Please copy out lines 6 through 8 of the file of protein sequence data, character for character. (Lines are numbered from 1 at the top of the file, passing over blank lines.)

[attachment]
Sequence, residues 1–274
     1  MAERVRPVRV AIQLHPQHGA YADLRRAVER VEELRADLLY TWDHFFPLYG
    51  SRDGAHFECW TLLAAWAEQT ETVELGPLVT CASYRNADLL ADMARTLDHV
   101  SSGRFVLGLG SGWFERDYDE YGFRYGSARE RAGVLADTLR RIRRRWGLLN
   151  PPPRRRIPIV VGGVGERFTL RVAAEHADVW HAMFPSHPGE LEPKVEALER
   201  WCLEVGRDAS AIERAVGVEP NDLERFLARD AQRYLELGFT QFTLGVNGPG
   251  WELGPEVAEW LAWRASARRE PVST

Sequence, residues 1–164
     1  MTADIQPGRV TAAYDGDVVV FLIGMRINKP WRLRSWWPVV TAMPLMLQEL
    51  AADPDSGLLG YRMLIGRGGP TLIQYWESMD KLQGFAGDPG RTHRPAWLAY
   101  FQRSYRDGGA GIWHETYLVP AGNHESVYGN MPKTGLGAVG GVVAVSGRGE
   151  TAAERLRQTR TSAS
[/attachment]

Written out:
   201  WCLEVGRDAS AIERAVGVEP NDLERFLARD AQRYLELGFT QFTLGVNGPG
   251  WELGPEVAEW LAWRASARRE PVST

Sequence, residues 1–164